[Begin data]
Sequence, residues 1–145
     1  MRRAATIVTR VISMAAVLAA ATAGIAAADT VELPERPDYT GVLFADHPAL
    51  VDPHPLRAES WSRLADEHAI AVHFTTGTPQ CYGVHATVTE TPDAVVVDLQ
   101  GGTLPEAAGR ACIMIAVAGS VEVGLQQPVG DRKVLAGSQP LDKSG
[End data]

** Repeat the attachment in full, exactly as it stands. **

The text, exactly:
Sequence, residues 1–145
     1  MRRAATIVTR VISMAAVLAA ATAGIAAADT VELPERPDYT GVLFADHPAL
    51  VDPHPLRAES WSRLADEHAI AVHFTTGTPQ CYGVHATVTE TPDAVVVDLQ
   101  GGTLPEAAGR ACIMIAVAGS VEVGLQQPVG DRKVLAGSQP LDKSG